Category Archives: Graphic Novels

Fiction or non-fiction stories depicted in part or whole by graphics. Includes comic books, graphic novels, compendiums and collections of art and works of art.

The City on the Edge of Forever by Ellison

Screenshot_2015-01-03-14-18-47-1“No woman was ever loved as much, Jim. Because no woman was ever offered the universe for love.”

The City on the Edge of Forever
Star Trek
By Harlan Ellison
IDW Publishing
February 2015

A crewman named Beckwith decides that he should end his tour rich so becomes a drug dealer on the Enterprise. When one of his junkies decides that his habit is endangering the ship he decides to Screenshot_2015-01-03-13-17-35-1come clean prompting Beckwith to attack him and flee the shop to a nearby planet. The planet is somehow, against all odds, habitable and hosts a city occupied by ancient creatures who guard a gateway to all of time and space. This is a city on the edge of forever.

Beckwith takes a chance and flees through the portal to the 1930s earth and changes the universe and timeline. To repair things Kirk and Spock go back in time as well. The guardians are clear though: there is a certain event that must not be Screenshot_2015-01-03-13-42-01-1changed or time will irrevocably change the universe.

After a time adjusting, Kirk and Spock find the focal point: a woman. More than that, as Kirk gets to know her – and maybe love her – Spock becomes convinced that the only way time is reset is if she is killed. This sets us up for one of the most emotional and powerful science fiction stories written. Can Kirk let her die, as he must, or will he holds on to this love at the possible peril of the universe add they know it?

Each page is fully painted and visually represents the characters very well. Fans of the original series and science fiction will appreciate and enjoy this excellent graphical version of the original teleplay.


@ashertopia is the Managing Editor of BookGateway.com. He is an avid reader and a lifetime learner. His favorite genres include science fiction, fantasy, as well as theology and Christian living. His personal blog is AshertopiA – a land flowing with milk and honey… and a lot of sticky people.

This book was provided by the publisher as a review copy.

Nnewts by Doug TenNapel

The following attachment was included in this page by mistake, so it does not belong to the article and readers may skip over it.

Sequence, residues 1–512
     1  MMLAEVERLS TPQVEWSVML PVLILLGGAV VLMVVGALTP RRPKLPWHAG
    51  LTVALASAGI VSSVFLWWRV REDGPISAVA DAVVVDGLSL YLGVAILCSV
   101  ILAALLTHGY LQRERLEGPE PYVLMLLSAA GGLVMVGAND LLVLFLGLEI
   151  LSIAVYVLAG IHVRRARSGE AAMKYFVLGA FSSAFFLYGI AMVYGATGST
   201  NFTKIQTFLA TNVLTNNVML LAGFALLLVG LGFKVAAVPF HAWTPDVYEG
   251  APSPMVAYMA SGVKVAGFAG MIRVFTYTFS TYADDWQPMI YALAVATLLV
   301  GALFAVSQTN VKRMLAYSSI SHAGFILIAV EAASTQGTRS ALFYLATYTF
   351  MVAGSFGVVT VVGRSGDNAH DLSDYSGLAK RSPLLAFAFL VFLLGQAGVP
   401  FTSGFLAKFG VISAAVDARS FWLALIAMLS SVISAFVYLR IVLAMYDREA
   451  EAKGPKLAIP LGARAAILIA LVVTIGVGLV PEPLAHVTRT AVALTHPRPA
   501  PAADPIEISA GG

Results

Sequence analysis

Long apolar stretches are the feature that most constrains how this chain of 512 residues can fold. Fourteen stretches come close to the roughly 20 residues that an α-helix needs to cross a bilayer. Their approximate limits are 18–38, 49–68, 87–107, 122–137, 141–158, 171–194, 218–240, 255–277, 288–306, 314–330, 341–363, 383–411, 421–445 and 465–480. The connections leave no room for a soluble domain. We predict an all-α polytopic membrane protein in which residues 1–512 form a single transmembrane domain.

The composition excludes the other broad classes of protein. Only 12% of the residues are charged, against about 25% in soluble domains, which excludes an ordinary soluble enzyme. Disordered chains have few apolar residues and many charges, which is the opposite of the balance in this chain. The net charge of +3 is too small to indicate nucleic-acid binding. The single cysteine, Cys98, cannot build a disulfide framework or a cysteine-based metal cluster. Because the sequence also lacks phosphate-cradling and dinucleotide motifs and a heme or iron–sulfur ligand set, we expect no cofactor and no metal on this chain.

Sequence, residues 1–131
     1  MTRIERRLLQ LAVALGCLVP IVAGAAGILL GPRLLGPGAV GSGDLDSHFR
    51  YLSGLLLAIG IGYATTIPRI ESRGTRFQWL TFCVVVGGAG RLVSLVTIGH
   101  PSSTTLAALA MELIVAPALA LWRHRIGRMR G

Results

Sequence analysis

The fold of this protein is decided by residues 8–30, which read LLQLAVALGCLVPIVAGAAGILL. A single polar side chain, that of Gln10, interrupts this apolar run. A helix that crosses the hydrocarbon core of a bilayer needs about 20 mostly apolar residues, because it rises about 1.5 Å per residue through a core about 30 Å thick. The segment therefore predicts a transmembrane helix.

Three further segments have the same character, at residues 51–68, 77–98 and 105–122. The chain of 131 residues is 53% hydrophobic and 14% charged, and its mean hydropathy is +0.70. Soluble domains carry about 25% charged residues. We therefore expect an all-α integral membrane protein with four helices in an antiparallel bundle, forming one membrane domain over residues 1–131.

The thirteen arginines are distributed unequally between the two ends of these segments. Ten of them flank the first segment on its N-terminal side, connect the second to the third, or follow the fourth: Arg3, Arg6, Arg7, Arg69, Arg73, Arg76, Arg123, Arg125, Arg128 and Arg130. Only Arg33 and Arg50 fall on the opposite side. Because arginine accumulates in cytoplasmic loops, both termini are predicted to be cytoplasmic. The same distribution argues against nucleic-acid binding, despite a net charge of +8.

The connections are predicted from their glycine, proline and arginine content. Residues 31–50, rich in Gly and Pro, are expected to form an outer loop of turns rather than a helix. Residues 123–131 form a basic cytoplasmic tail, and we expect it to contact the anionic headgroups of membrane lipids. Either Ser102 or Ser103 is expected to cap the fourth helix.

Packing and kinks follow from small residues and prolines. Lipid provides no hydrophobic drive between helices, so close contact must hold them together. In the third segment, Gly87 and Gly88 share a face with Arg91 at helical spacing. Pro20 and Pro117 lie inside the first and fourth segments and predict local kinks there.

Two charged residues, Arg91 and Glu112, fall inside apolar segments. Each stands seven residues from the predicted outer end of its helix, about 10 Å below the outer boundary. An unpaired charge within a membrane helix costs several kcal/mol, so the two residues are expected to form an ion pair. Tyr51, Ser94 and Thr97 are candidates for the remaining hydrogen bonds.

nnewtsThe Nnewt city is beset by evil Lizzarks in an unprovoked attack that devastates the people and leaves young Herk alone and on the run. The problem is that Herk is handicapped by under developed legs. As he struggles to survive he also searches for a way to restore his legs and find his destiny.

Nnewts
#1 Escape from the Lizzarks
by Doug TenNapel
GRAPHIX
January 2015

At times the story seems disconnected and problems are solved too conveniently and quickly. For instance, Herk has a disability but instead of overcoming it he [SPOILERS] fights the god of the Lizzarks who stole them from him as a child. It’s over with a single blow off a rock to the head. How did he get there? At a temple in the ruins of the Nnewt city, where he finds nnewts2himself after his family is murdered, and guided by an old king who appears and disappears just as quickly. Then he’s at a huge city of Nnewts ams is saved by an arrow from a constellation. [END SPOILERS] I know there is a lot left untold at this point as this is only book one but I felt things really moved quickly with very little back story. Hopefully future books clear some of this up.

This is a book written with 8-12 year old kids in mind and I think that’s the nnewt3right age group for reading skill and interest. It may be rough on some to see the content depictions of Herk’s parent and siblings killed. As my 8 year old said, [SPOILERS]  “The book is interesting but a lot of people die.” (See pictures to the left for the death of the mother.) [END SPOILERS]

The art is great – something you’d expect since the author created Earthworm Jim – and the story, while abrupt is fun and complex. I recommend it to older – 3rd grade and up – readers.


@ashertopia is the Managing Editor of BookGateway.com. He is an avid reader and a lifetime learner. His favorite genres include science fiction, fantasy, as well as theology and Christian living. His personal blog is AshertopiA – a land flowing with milk and honey… and a lot of sticky people.

This book was provided by the publisher as a review copy.

Meet the Bigfeet by Sherry

bigfeetBlizz Richards misses his yeti family reunion but with George Vanquist, self styled cryptozoologist, on the prowl for pics of bigfoot can it be risked?